"Wow, Dad, that's so cool!" Exclamations such as this were commonly heard as many children, and adults as well, examined the sun with telescopes brought to the Farmers Market on May 7.
The telescopes were equipped with safe filters so there was no risk of eye injury as people looked at the sun, both in normal light and in the light of fusing hydrogen, H-alpha.
Members of the Sugar Creek Astronomical Society brought the telescopes as part of the celebration of Astronomy Day. SCAS estimated that about 170 people looked through the telescopes, many more than expected.
As June comes on, the Milky Way starts to make its appearance -- as it does each summer. It will appear earlier and earlier in the evening as summer moves along. From Siloam Springs, I have noticed that it is harder and harder to see because of increasing light pollution. I fear this will only get worse. So, if you want to see the Milky Way in all its magnificence, go to the darkest site you can. Binoculars are always the best way to look at the Milky Way unless there is something you need to see closeup. Then you need a telescope, but not even a very advanced one.
At dawn, get up to see Mars, Venus, Jupiter and Saturn lined up across the southeastern sky. I have included an image of Saturn I made when one of these planetary lineups occurred last year. A six-inch telescope will show you about the same detail -- or better.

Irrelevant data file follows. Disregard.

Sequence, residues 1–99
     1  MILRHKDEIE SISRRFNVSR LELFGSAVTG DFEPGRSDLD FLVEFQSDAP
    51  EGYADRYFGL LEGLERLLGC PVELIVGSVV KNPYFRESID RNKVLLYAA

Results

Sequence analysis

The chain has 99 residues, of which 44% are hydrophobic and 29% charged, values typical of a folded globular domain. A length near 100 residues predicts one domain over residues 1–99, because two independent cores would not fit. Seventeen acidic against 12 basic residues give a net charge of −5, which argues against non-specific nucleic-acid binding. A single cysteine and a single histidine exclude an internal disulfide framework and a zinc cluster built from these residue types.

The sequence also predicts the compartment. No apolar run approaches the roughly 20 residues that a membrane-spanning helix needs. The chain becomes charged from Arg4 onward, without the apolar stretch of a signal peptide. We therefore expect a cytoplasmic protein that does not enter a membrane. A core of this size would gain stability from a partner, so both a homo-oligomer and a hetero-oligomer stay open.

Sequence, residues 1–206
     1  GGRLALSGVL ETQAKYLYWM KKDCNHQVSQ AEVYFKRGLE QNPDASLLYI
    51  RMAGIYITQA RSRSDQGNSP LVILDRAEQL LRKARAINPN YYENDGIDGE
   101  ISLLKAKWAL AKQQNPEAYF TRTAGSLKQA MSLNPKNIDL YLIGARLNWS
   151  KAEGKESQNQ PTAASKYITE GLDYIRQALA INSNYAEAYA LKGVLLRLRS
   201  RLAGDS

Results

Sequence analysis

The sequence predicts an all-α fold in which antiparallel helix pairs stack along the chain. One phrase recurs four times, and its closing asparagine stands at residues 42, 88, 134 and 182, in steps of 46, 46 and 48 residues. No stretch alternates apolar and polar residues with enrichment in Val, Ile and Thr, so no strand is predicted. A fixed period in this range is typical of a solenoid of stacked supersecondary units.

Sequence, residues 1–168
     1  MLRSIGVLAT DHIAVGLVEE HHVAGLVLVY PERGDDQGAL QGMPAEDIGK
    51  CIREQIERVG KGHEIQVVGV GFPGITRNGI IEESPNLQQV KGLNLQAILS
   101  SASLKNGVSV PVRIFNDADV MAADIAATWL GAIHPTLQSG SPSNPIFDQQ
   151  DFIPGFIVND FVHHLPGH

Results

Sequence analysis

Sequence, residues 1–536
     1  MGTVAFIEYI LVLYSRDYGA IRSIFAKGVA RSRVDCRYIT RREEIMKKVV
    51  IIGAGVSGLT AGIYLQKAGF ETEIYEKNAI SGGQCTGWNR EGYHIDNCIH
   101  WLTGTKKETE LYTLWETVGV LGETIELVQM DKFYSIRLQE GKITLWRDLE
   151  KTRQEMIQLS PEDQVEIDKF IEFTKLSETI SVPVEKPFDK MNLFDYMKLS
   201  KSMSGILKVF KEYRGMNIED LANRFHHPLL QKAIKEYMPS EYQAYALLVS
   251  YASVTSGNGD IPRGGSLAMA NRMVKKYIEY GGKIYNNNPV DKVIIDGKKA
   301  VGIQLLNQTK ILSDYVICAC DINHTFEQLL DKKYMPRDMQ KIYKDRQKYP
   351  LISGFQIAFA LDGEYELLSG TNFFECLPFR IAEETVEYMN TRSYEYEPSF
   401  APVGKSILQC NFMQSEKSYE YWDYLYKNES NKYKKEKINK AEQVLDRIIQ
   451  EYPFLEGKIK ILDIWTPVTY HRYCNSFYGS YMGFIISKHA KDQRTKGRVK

With the right equipment, an 8-inch telescope or larger, many galaxies will still be visible in June, off the hindquarters of Leo the Lion, the prominent constellation in May. This area has shifted toward the west in the night sky, as the Earth moves around its orbit; now is the time to observe the so-called Realm of the Galaxies if you know where to look.
I am hoping that, with summer coming on, there will be fewer clouds obscuring the night sky. Amateur astronomy can be very frustrating, what with clouds, rain and the moon getting in the way of deep-sky observation. One can only sit in the garage, buffing up the equipment for so long without getting star-starved. This is a morbid condition, often accompanied by pacing about and with the voicing of the occasional moan, symptoms of the internal agitation the amateur experiences. This condition is often noticed acutely by the spouses and children of amateur astronomers and the only treatment is getting out and observing. Talking about star-starvation with fellow amateurs helps a bit, but there are limits to this.
Hoping to get more observing time...
David Cater is a former faculty member of JBU. Email him at [email protected] Opinions expressed are those of the author.